Lola Albright films reviewed at Laura's Miscellaneous Musings: JULIA MISBEHAVES (1948), THE GIRL FROM JONES BEACH (1949), THE KILLER THAT STALKED NEW YORK (1950), SIERRA PASSAGE (1951), ARCTIC FLIGHT (1952), THE SILVER WHIP (1953), THE TENDER TRAP (1955), TREASURE OF RUBY HILLS (1955), THE MONOLITH MONSTERS (1957), and OREGON PASSAGE (1957).

Friday, March 24, 2017

A Visit to the 19th Annual Noir City Film Festival

It's that time of year again when cops and criminals take over the Egyptian Theatre in Hollywood...


...which means it's time for the 19th Annual Noir City Film Festival!


Noir City will play for ten consecutive days at the Egyptian Theatre on Hollywood Boulevard, concluding on Sunday, April 2nd. My look at each date on the schedule may be found here.


All but three films in the festival will be screened in 35mm, and many are not available on DVD.


This was the seventh year in a row I've attended the festival's opening night, and the eighth year I've attended overall. As I wrote in my festival preview, if I can withstand the rigors of the freeway traffic, I'm hoping to be there every night this year!


As we have often done in the past, my husband and I began our opening night with dinner at the historic Pig 'N Whistle next door to the Egyptian. Given that Leonard Maltin, his wife and friends were seated a couple tables over from us, it was clearly the happening place to be!


The Masters of Noir Darkness, Alan K. Rode and Eddie Muller of the Film Noir Foundation:


There was a celebratory cocktail party in the Egyptian courtyard between the opening night 75th anniversary screenings of THIS GUN FOR HIRE (1942) and QUIET PLEASE - MURDER (1942). Leonard and Alice Maltin can be glimpsed in the crowd, chatting with Michael Schlesinger in the top photo:



The Egyptian Theatre has undergone a terrific restoration thanks to the Hollywoood Foreign Press Association. There's an informative video on YouTube about all the work that was done, including fixing a leaky roof, restoring the courtyard murals, new carpet and seat upholstery, and the new nitrate projection booth, which made possible the CASABLANCA (1942) screening I enjoyed last November. The brand-new concession stand will hopefully open soon!


As always, this introductory post to the Noir City Festival will be regularly updated with review links for all films seen at the festival. It's going to be a very busy week so some reviews may take a bit to post. As the saying goes, watch this space!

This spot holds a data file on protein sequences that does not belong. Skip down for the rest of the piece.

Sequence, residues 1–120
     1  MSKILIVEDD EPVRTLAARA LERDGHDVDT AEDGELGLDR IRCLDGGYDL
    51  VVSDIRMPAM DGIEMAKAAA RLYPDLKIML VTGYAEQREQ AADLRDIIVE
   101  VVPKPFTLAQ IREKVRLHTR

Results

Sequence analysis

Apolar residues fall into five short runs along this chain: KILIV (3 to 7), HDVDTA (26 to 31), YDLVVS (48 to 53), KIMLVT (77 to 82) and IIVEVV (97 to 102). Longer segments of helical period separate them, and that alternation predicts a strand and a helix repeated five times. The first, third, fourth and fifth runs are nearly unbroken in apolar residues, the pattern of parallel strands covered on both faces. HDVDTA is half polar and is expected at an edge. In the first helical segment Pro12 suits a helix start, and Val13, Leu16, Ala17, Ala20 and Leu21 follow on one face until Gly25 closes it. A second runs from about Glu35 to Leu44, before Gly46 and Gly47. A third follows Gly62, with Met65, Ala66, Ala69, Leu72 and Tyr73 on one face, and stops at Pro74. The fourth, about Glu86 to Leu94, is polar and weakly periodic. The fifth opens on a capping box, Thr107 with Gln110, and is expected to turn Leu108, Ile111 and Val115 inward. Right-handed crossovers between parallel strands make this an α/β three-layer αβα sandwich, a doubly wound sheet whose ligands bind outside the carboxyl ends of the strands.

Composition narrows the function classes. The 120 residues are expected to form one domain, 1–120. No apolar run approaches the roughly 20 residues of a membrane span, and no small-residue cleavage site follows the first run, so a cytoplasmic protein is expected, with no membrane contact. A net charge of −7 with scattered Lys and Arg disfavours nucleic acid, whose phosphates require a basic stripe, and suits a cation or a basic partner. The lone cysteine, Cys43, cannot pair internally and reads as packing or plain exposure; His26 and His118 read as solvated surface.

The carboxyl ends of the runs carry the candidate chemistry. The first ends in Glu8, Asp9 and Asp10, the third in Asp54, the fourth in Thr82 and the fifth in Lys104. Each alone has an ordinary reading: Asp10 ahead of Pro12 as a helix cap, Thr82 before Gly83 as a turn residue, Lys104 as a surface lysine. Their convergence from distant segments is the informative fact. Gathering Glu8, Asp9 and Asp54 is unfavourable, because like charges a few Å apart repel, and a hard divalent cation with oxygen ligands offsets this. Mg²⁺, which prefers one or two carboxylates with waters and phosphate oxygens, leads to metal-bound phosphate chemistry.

New reviews of films seen at the 2016 Noir City Film Festival: ADDRESS UNKNOWN (1944), ESCAPE IN THE FOG (1945), BEHIND GREEN LIGHTS (1946), BACKLASH (1947), THE ACCUSED (1949), CHICAGO DEADLINE (1949).

Previously reviewed films seen at this year's festival: THIS GUN FOR HIRE (1942), QUIET PLEASE - MURDER (1942), MINISTRY OF FEAR (1944), LADY ON A TRAIN (1945), THE DARK CORNER (1946), CALCUTTA (1947), THE HUNTED (1948) (also here), THE KILLER THAT STALKED NEW YORK (1950).

Posts on past Noir City Festivals which contain review links for all films seen each year: A Visit to the 18th Annual Noir City Film Festival (2016); A Visit to the 17th Annual Noir City Film Festival (2015); A Visit to the 16th Annual Noir City Film Festival (2014); A Visit to the 15th Annual Noir City Film Festival (2013); A Visit to the 14th Annual Noir City Film Festival (2012); A Visit to the 13th Noir City Film Festival (2011); A Visit to the Noir City Film Festival (2010).

Wednesday, March 22, 2017

Tonight's Movie: Jamaica Inn (1939) at the Pacific Design Center

I was honored to attend a very special screening last night hosted by Los Angeles television station KCET, BAFTA Los Angeles, and Cohen Film Classics.

The occasion was the screening of a restored print of Alfred Hitchcock's final British film, JAMAICA INN (1939), starring Charles Laughton and Maureen O'Hara.

The event took place at the Silver Screen Theater in the Pacific Design Center in Los Angeles. In a nice touch, an exhibit of Hitchcock photos provided by the Academy were on display in the theater lobby.




I attended along with several other bloggers, including (left to right), Karie, Kimberly, Danny, and Kim.


Below, Kim and Danny with Beth Ann:


Charles Cohen of KCET's Cohen Film Classics served as host, moderating a short pre-film discussion with actor Norman Lloyd (second from left) and two of Alfred Hitchcock's granddaughters, Katie Fiala (second from right) and Tere Carrubba (right):